From the poetry collection published in 2015, Autumn Opens a Door.


This man sits, his face weathered and
sun-burned even in October.
He has placed his chair on the narrow sidewalk
at the intersection so that
anyone who comes along
must stand next to him
to cross the street. I sneak a glance
at him though the polite thing
would be to ignore him and let him get on
with his chosen activity which is
sitting here and holding a sign
(nicely made, professionally printed)
protesting the poor service received
from the business across the street
further details unknown.
I am resentful of how he has co-opted
this anonymous space for his own ends and so
I sneak a look at him and then increase it to a glare.
He does not look at me. He never looks
at anything but the business across the street
with his own set, permanent glare. My glare is nothing
beside his glare. The light changes. I move on.
The man does not notice. He continues
burning a hole through the façade
of the business across the street
with his eyes.
I take care to stay out of the line of fire as I go.

Artist trading card, 2014.



From Autumn Opens a Door, published in 2015.


My goodness this apple is so sweet.
I love this kind of apple
I don’t know what we did before we had this kind of apple.

We didn’t eat apples. We didn’t like apples.
We would only eat baked apples
and only the one kind of apple
the green one.

With raisins in the cored-out middle
sprinkled with cinnamon
those green apples were delicious.
We ate them for dinner. Not like this new apple.
We eat these new apples just as they are.
Good all on their own.

I could eat two or three
of these new apples
every day. I love this kind of apple.
I don’t know what we did before we had this kind of apple.

“Apples and Pears” – fabric collage wall hanging, 1999.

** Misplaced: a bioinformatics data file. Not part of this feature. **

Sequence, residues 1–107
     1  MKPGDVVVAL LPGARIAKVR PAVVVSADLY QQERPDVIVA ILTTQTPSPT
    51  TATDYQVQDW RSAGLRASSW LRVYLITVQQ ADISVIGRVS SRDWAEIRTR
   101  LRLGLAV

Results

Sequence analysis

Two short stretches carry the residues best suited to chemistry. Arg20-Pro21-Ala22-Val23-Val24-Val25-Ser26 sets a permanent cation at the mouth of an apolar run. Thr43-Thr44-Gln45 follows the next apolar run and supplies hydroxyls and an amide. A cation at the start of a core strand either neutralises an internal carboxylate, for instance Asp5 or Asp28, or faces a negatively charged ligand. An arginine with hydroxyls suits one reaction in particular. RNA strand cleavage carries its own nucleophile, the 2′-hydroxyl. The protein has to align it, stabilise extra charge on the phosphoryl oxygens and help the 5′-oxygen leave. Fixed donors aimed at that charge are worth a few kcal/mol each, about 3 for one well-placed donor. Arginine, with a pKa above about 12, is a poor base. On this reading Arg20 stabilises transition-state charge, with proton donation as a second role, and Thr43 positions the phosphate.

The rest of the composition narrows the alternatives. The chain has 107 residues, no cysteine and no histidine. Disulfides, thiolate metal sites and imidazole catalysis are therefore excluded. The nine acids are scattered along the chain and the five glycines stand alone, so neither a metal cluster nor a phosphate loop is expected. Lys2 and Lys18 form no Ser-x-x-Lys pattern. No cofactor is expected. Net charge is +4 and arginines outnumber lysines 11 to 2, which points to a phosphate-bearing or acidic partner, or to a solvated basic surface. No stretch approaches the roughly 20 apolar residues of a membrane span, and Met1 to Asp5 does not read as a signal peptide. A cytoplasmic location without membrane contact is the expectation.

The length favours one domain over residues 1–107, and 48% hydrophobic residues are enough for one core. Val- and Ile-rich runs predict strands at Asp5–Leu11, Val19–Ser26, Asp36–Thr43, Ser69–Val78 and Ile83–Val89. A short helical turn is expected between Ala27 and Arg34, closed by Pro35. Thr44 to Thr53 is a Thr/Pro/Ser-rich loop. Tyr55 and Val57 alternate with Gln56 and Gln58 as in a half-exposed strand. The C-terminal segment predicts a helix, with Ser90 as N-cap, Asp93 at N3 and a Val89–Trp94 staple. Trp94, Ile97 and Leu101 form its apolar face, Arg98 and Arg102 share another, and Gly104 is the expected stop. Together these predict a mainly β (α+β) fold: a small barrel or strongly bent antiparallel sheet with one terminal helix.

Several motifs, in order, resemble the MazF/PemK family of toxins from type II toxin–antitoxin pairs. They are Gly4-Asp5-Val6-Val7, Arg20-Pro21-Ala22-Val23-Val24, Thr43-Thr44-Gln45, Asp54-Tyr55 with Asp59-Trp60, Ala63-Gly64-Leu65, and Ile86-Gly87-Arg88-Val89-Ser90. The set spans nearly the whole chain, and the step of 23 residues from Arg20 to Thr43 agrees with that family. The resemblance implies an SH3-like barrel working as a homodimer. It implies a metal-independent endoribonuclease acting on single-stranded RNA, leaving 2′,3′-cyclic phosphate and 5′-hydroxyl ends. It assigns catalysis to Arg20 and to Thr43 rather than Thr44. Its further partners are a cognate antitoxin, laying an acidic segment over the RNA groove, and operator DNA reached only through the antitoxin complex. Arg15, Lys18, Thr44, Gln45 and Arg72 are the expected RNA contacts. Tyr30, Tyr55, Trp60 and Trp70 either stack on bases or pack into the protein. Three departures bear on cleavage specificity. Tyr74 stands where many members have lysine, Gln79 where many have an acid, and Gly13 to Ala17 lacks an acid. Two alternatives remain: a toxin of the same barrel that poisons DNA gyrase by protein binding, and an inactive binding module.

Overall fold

Here is another of those two-sentence stories with poetry added. Read here for the first one and explanation of why I wrote it and got started on this idea, and search under the category Fiction/Poetry Combination for others in the series.

I like doing this form of minuscule story. I can handle two sentences, I think, and it is fun.


The lobby of the office building was tropical-warm, the crust of snow on George’s expensive coat and boots melting immediately as he cut across a just-mopped section of the floor, ignoring the protective mats and moving with the confident strides of a fellow much too busy to waste time making things convenient for some janitor guy and his cleaning routine. The elevator door opened on cue and closed just as smartly, getting right to the business of speeding his personage to upper-floor doings of consequence, while the guy mopping the marble floor moved his bucket and started clearing the path of gray slush George had left behind.


Tanka 76

a winter morning
a walk in the clean hard cold
a tailored wool coat
flecked with falling snow. Inside
a man mops the marble floor.


Easton Road in the snow
Glenside, PA
Taken from the Easton Road overpass at the Glenside train station, 2015.

Today We Discuss Role Models